An Egyptian court has sentenced ousted President Mohamed Morsi to death over a mass prison break in 2011.

Morsi and 128 defendants were accused of plotting jail breaks and attacks on police during the uprising that overthrew president Hosni Mubarak in 2011.

Sitting in a caged dock, Morsi raised his fist in anger and defiance when the judge read the verdict.

Most of the other defendants were tried in absentia. This includes prominent Islamic cleric Yusuf al-Qaradawi who resides in Qatar.

Under Egyptian law, death sentences are passed on to the Mufti who plays an advisory role as the government’s interpreter of Islamic law.

The court will pronounce its final decision on June 2. Morsi was spared the death sentence on the first two trials that finished on May 14, in which the court sentenced 16 defendants to death on espionage charges.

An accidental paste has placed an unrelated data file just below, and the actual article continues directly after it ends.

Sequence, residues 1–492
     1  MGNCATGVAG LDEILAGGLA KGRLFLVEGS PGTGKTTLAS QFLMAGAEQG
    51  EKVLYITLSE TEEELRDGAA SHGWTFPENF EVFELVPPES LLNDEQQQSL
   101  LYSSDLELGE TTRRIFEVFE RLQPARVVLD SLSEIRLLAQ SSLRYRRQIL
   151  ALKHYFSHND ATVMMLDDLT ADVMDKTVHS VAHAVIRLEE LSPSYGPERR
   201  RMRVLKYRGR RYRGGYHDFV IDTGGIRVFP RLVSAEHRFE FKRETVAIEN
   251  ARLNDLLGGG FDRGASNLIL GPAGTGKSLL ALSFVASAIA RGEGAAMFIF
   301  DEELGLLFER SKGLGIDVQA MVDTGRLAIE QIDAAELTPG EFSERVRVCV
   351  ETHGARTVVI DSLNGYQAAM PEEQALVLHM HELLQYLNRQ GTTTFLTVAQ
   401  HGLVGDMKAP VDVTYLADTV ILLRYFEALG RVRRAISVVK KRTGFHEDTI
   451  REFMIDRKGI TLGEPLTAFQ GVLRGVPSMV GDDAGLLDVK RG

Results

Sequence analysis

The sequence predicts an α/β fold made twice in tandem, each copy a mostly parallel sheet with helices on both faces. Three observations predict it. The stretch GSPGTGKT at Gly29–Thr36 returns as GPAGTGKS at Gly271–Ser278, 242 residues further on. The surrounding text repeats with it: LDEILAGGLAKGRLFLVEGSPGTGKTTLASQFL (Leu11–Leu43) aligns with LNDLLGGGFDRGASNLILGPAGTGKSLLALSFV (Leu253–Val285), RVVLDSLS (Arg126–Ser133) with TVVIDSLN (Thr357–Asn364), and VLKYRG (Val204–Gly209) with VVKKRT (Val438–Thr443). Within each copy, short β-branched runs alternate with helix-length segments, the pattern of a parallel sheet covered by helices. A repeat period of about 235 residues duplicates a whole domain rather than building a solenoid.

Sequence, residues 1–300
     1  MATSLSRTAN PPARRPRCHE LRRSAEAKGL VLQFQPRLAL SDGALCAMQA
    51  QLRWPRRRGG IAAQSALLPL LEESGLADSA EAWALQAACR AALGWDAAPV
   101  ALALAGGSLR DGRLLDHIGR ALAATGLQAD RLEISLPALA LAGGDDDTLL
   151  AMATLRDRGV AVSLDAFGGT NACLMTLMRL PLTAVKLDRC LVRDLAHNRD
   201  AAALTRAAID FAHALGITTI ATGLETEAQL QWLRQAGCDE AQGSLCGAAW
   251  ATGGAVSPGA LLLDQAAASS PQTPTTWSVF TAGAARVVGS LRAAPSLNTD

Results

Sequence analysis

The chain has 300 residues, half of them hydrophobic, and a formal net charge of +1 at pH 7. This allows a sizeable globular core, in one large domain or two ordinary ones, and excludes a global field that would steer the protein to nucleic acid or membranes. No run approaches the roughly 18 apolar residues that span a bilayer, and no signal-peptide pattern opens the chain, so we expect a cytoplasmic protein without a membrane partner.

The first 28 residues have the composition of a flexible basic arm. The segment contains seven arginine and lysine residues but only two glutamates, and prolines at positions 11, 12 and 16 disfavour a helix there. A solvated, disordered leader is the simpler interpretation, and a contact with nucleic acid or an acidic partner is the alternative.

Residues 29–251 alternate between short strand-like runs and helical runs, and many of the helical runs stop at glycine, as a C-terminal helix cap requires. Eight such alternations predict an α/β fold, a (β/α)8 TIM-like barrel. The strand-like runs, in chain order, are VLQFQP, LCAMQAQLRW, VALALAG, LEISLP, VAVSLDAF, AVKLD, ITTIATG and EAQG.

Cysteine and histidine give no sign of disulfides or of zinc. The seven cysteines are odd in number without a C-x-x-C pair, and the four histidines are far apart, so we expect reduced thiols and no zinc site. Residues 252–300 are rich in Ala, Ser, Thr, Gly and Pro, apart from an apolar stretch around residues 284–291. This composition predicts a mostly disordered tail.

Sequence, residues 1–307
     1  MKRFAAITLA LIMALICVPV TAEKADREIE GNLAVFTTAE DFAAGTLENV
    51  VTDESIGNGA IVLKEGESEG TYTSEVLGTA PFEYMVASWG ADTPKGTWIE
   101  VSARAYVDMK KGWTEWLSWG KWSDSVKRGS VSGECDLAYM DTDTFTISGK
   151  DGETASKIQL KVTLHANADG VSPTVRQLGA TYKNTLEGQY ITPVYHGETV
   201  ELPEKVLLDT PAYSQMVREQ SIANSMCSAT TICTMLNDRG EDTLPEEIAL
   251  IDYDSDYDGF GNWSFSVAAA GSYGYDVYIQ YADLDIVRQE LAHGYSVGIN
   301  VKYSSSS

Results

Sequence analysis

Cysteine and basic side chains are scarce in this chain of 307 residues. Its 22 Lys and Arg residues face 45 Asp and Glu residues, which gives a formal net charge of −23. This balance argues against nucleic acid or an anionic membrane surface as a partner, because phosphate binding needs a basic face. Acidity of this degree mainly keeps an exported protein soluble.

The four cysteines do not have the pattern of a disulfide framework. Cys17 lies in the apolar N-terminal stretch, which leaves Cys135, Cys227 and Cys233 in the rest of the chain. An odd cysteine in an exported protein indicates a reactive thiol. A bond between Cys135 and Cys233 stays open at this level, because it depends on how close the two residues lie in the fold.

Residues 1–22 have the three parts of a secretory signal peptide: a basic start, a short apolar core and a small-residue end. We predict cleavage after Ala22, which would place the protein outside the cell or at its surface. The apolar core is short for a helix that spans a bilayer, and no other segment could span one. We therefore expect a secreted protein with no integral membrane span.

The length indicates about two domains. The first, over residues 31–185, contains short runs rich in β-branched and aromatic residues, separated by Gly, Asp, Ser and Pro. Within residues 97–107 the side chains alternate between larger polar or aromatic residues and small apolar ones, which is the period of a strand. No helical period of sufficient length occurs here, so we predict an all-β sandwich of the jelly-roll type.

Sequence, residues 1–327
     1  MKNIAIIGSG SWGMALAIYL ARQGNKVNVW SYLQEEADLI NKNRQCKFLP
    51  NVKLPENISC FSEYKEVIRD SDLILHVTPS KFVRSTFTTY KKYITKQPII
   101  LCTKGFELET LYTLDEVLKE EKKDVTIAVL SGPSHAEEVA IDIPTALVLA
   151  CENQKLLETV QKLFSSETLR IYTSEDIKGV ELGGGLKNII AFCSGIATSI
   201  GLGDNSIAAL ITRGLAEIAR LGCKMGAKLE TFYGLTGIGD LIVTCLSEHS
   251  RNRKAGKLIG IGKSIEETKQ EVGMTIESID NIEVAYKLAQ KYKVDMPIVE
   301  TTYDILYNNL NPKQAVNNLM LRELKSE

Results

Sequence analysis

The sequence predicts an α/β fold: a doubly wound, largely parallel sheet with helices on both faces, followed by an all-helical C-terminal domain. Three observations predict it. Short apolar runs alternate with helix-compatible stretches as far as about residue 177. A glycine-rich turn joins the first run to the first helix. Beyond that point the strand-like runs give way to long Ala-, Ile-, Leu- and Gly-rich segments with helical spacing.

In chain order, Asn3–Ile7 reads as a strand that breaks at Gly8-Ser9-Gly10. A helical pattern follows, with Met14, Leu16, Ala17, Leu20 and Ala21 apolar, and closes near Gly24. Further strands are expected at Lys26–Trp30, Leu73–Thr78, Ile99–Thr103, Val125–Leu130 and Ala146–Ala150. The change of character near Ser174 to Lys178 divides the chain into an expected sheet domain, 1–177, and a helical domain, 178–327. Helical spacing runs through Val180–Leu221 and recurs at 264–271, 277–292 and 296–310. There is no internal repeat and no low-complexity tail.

They had been charged with colluding with foreign forces, the Palestinian Hamas and Iran to destabilise Egypt.

Morsi has already been sentenced to 20 years in jail for ordering the arrest and torture of protestors during his time in power.

He was deposed by the military in July 2013 following mass street protests against his rule. Since then authorities have banned his Muslim Brotherhood movement and arrested thousands of his supporters.

Morsi supporters claim the cases against him are politically motivated and attempts to give legal cover to a coup, while he has rejected the authority of the courts.

Morsi was Egypt’s first democratically elected leader, however, protests against him began less than a year into his rule after he issued a decree giving himself far reaching powers.

Convictions are still open to appeal, even if the Grand Mufti gives his approval to the death sentence.